Buildings throughout Selma’s historic downtown offer some of the most interesting architectural artwork anywhere. Those who own downtown buildings should appreciate the great responsibility they have in maintaining these great historic assets.

Say thanks to those who have lived up to their responsibility

Published 5:27pm Wednesday, September 12, 2012

It’s easy to focus on the empty buildings and the empty promises made by owners of certain downtown buildings, but instead, we should instead focus on the improvements made, the new businesses.

For each Teppers Building, which has been a historic disappointment, there are two or three success stories, such as the new loft apartments downtown and the new boutiques that have opened in recent months.

While most of the heartache and stress among city leaders comes from those building owners who have failed to live up to their responsibility, there are far more who have stepped up to renovate and touch up their buildings. All you have to do is look at Pilcher-McBryde for such an example of a downtown business that understands what it means to be part of Selma’s historic downtown.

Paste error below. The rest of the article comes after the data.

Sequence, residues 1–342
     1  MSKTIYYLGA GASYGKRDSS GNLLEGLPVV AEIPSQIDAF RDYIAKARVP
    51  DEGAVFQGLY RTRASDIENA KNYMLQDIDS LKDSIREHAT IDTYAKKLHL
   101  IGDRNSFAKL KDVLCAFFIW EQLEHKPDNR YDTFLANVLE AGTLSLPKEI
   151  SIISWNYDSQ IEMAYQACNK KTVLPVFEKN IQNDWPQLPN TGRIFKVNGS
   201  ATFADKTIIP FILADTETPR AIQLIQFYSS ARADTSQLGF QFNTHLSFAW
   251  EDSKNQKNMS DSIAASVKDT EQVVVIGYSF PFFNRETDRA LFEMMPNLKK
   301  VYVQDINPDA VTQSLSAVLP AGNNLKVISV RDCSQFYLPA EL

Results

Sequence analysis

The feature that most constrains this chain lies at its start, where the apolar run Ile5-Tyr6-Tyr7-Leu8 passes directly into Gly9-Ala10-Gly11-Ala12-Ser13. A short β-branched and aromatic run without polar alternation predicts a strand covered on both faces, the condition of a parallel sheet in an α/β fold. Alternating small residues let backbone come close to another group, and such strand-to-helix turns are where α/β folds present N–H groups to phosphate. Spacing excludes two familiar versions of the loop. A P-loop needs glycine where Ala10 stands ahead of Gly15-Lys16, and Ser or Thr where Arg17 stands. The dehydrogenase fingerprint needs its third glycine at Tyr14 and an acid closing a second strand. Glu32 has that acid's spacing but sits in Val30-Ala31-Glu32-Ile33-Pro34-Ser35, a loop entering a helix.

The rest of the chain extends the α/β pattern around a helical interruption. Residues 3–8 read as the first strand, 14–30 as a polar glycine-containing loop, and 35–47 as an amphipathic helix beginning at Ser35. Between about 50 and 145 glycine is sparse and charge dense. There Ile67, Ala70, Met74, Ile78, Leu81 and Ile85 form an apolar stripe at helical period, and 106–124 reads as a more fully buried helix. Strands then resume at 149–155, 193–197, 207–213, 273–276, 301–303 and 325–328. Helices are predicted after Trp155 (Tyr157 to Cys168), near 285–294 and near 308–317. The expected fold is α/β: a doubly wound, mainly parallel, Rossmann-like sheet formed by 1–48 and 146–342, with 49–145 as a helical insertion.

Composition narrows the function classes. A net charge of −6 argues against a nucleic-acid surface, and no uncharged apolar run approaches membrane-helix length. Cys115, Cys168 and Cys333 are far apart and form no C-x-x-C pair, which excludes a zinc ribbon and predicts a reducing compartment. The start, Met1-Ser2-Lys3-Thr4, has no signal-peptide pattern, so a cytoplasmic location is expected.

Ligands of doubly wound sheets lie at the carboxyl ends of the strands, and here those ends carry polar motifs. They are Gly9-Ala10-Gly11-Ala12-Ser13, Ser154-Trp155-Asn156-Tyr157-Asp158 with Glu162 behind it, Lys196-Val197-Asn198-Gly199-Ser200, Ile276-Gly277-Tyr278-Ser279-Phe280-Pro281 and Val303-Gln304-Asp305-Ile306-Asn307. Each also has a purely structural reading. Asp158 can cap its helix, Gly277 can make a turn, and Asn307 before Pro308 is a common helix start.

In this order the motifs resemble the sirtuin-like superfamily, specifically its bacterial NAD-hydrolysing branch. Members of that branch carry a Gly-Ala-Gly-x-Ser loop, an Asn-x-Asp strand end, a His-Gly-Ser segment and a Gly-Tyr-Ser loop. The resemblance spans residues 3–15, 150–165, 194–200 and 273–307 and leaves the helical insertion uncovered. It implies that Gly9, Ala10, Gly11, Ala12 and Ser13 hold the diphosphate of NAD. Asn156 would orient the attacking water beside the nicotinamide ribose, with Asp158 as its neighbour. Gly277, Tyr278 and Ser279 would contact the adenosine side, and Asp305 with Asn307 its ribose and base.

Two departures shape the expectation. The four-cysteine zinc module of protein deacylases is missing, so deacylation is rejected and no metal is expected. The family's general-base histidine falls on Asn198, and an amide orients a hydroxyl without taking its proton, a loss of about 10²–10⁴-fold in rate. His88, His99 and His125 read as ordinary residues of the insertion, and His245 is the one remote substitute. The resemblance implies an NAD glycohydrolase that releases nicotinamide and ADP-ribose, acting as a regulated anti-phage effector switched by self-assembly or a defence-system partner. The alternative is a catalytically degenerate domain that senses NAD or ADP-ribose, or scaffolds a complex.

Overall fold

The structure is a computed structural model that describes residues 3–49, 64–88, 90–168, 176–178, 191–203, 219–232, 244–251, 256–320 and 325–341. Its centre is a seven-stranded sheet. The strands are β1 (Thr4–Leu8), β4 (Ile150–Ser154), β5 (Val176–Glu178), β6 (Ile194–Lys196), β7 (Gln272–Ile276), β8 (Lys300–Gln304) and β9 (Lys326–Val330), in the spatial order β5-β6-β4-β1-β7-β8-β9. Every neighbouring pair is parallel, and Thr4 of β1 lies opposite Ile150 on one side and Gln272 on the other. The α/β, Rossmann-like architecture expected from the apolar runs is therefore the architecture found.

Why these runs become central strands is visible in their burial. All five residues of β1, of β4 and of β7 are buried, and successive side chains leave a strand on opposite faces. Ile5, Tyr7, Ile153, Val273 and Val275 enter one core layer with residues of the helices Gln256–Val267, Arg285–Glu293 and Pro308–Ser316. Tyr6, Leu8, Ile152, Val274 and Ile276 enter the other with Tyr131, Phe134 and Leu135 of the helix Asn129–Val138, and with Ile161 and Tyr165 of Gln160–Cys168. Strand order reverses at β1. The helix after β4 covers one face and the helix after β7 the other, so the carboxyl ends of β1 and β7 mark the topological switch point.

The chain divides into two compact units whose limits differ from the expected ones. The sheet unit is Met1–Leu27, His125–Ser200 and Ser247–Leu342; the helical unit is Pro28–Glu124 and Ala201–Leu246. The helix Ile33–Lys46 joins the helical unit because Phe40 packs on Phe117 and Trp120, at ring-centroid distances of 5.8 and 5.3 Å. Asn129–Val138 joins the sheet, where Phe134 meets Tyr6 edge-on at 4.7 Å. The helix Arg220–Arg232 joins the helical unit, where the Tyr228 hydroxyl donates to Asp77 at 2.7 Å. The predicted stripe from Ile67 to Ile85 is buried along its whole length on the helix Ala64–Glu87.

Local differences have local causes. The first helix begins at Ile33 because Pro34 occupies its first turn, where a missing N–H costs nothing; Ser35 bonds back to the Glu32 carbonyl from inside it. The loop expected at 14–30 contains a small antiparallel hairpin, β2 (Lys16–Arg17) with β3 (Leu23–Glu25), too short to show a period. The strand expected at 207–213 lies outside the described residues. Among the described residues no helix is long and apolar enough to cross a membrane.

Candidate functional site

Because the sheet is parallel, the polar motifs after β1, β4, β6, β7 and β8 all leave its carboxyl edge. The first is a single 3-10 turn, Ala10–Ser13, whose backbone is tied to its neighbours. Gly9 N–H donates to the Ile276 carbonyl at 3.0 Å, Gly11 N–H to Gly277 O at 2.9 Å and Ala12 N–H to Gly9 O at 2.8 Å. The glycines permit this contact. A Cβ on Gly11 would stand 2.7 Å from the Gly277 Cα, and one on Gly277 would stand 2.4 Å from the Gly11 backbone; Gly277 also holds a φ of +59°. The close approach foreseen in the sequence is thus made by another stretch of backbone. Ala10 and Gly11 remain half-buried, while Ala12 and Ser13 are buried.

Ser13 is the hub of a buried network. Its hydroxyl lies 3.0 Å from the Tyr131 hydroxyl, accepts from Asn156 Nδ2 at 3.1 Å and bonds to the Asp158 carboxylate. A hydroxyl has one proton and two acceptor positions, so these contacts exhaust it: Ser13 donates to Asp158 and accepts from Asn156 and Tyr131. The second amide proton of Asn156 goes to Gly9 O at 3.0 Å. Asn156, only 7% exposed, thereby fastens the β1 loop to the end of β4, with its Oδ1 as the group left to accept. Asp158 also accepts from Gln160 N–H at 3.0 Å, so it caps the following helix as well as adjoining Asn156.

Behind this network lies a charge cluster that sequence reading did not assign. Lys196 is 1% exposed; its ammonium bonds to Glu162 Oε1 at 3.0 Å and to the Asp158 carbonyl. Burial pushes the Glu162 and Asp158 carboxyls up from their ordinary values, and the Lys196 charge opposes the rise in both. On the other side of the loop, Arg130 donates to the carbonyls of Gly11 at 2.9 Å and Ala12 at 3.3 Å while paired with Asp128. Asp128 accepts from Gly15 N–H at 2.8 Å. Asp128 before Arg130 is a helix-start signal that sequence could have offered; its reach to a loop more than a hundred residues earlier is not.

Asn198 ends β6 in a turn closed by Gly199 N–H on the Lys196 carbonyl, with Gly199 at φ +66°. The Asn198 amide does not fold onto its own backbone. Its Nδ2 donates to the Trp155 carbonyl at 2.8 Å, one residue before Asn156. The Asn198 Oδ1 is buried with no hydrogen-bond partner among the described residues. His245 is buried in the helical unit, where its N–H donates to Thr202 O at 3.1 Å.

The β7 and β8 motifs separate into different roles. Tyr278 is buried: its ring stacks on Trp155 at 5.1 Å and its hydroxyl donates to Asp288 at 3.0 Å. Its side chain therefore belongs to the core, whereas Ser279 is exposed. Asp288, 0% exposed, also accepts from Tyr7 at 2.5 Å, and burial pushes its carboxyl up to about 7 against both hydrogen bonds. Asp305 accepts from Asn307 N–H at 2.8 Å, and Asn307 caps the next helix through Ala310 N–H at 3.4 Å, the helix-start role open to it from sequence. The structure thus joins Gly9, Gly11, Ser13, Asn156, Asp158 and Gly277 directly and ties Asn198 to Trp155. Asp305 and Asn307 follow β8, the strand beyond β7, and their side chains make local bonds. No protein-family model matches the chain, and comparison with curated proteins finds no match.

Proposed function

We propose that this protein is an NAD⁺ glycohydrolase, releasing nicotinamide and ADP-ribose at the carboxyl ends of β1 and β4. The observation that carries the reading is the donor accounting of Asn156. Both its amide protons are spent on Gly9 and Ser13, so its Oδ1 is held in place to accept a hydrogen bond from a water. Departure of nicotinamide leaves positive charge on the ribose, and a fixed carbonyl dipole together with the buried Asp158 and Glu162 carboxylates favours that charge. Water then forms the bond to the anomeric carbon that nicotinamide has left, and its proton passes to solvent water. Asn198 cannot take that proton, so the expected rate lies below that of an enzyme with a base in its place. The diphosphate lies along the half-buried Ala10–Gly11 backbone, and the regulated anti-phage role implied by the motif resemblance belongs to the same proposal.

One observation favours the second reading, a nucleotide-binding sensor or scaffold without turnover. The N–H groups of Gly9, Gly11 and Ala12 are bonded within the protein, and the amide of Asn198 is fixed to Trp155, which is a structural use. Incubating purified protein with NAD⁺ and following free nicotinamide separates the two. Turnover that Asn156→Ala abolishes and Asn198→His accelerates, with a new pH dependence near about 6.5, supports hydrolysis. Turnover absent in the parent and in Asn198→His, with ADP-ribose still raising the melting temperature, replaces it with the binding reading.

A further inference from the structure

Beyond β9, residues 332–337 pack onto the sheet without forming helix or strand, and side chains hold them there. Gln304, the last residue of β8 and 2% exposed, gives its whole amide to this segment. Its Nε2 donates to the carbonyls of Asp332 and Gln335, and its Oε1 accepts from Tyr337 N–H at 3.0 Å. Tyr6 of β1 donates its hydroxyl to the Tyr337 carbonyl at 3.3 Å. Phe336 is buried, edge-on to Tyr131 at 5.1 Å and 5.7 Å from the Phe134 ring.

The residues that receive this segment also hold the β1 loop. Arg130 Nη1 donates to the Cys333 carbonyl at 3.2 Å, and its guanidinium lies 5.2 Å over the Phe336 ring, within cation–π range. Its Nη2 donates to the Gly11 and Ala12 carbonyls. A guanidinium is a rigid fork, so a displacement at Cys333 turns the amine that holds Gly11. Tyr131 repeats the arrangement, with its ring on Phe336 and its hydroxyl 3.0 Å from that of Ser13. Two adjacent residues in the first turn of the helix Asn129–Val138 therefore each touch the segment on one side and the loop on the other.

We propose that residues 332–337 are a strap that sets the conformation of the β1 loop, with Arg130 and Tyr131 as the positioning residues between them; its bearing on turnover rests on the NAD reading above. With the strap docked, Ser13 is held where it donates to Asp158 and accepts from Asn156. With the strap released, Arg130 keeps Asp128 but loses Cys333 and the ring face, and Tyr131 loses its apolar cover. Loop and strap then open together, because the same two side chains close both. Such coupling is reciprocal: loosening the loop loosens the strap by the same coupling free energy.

It’s a shame other owners — those who have little or no historic connection to Selma — don’t know what it means to live up to the civic and economic responsibility owning a downtown building really means.

It’s also a shame that those owners fail to recognize their shortcomings and find a way out of their investment, finding someone who not only has the means but the want to be a part of Selma’s future.

In addition to the amazing development of Water Avenue and the Selma Interpretive Center compound, businesses such as Pinebelt Wireless, Carter Drug Co., Truax & Co., Pilcher-McBryde, and even the state probation office, have made efforts to develop their facades, thus raising the appeal of Selma’s downtown. To them — and others such as Swift Drugs, who remains an iconic downtown stable — we should go out of our way to say ‘thanks.’

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